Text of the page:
In March 2018, I authored a column on civil RICO claims brought under 18 U.S.C. Section 1962(a) and (b). In that space, I explained the complexity of those sections within RICO cases. A recent decision out of the U.S. District Court for the Eastern District of Michigan underscored the RICO “proximate cause” inquiry highlighting yet another, often overlooked, complexity in litigating such cases.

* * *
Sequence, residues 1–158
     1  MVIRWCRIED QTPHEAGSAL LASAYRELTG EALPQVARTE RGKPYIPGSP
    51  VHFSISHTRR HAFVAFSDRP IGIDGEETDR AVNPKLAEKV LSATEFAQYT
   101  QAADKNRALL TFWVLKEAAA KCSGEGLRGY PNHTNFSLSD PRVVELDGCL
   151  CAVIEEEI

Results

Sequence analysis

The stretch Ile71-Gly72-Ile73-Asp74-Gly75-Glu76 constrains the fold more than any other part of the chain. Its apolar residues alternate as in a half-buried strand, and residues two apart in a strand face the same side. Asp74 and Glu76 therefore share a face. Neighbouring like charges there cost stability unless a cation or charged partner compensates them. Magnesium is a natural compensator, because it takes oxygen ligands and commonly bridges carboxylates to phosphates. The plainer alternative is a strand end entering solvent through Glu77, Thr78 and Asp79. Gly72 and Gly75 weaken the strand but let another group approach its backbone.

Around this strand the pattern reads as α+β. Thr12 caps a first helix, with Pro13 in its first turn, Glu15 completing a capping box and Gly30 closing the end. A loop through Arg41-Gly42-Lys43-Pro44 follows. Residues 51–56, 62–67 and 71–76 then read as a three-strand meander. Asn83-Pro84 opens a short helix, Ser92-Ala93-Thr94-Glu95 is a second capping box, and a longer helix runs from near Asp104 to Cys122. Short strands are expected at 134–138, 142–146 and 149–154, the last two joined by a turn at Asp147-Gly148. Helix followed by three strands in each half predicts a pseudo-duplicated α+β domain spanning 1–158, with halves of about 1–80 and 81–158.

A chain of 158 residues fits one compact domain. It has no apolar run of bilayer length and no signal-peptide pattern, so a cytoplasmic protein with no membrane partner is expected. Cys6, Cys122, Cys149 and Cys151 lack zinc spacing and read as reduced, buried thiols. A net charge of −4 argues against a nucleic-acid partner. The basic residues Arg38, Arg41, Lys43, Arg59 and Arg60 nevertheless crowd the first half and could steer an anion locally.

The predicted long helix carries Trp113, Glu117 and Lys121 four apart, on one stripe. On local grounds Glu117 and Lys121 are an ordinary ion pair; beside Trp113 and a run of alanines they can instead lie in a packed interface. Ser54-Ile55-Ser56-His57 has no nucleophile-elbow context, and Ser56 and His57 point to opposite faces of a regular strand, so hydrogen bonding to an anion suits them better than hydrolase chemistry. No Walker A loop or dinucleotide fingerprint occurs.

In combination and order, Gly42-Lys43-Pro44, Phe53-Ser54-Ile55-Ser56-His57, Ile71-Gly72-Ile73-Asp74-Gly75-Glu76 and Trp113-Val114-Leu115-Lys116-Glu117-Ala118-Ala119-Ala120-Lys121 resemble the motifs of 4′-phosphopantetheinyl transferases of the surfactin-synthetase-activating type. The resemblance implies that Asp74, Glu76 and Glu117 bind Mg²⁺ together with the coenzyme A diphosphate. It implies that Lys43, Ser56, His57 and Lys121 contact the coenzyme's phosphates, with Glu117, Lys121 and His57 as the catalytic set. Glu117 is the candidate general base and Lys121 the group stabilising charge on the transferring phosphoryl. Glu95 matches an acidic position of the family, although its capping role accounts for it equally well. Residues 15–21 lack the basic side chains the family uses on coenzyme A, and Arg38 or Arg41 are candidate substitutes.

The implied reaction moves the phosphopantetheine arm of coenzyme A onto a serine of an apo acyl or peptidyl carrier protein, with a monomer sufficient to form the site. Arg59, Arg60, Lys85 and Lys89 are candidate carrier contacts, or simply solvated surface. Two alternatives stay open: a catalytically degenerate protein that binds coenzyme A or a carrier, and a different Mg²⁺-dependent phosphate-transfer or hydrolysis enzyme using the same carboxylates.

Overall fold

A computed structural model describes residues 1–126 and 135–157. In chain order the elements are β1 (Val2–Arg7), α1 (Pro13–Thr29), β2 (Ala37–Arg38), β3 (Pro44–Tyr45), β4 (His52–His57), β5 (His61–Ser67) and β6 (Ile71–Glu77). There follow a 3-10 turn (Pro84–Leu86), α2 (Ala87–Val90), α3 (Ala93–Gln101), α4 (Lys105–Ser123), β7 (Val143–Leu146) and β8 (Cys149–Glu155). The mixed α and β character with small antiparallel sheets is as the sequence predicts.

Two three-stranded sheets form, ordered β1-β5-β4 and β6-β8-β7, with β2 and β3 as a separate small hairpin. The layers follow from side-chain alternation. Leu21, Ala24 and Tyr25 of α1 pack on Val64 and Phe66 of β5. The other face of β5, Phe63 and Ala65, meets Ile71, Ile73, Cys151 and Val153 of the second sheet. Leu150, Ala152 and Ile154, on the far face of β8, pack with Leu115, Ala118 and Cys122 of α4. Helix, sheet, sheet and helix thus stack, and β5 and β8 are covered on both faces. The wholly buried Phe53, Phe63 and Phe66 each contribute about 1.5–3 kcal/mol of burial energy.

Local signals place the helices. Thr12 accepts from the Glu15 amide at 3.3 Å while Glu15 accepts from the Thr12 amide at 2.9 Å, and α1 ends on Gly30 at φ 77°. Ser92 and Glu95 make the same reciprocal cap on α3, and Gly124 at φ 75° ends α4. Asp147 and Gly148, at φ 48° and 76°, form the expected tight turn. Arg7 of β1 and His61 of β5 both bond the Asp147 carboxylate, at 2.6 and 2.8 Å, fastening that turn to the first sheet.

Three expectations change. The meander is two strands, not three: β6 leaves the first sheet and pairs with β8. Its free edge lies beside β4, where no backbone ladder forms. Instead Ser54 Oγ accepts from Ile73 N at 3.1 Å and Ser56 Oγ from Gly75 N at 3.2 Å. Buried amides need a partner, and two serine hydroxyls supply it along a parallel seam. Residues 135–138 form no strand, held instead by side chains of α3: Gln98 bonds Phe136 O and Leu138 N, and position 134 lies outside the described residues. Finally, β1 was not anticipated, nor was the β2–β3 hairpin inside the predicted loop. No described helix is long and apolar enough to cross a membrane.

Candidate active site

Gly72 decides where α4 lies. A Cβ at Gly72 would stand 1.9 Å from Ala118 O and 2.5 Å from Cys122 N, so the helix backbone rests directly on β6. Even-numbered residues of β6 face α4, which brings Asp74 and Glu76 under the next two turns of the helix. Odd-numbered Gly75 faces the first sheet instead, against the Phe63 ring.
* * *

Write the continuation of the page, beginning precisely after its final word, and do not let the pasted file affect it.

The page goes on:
On July 8, U.S. District Judge Paul Borman of the Eastern District of Michigan issued a ruling on General Motors’ civil RICO lawsuit against Fiat Chrysler Automobiles, holding that GM’s injuries were not caused by Fiat’s alleged racketeering scheme. See vGeneral Motors v. Fiat US, (E.D. Mich. July 8, 2020). The court rejected the two theories that GM put forth to support its RICO claims against Fiat for its failure to plead facts to show a “direct relation between the injury asserted and the injurious conduct alleged,” known as the “proximate cause” prong of Section 1962, (quoting Holmes v. Securities Investor Protection (SIPC), 503 U.S. 258, 265–268 (1992)).

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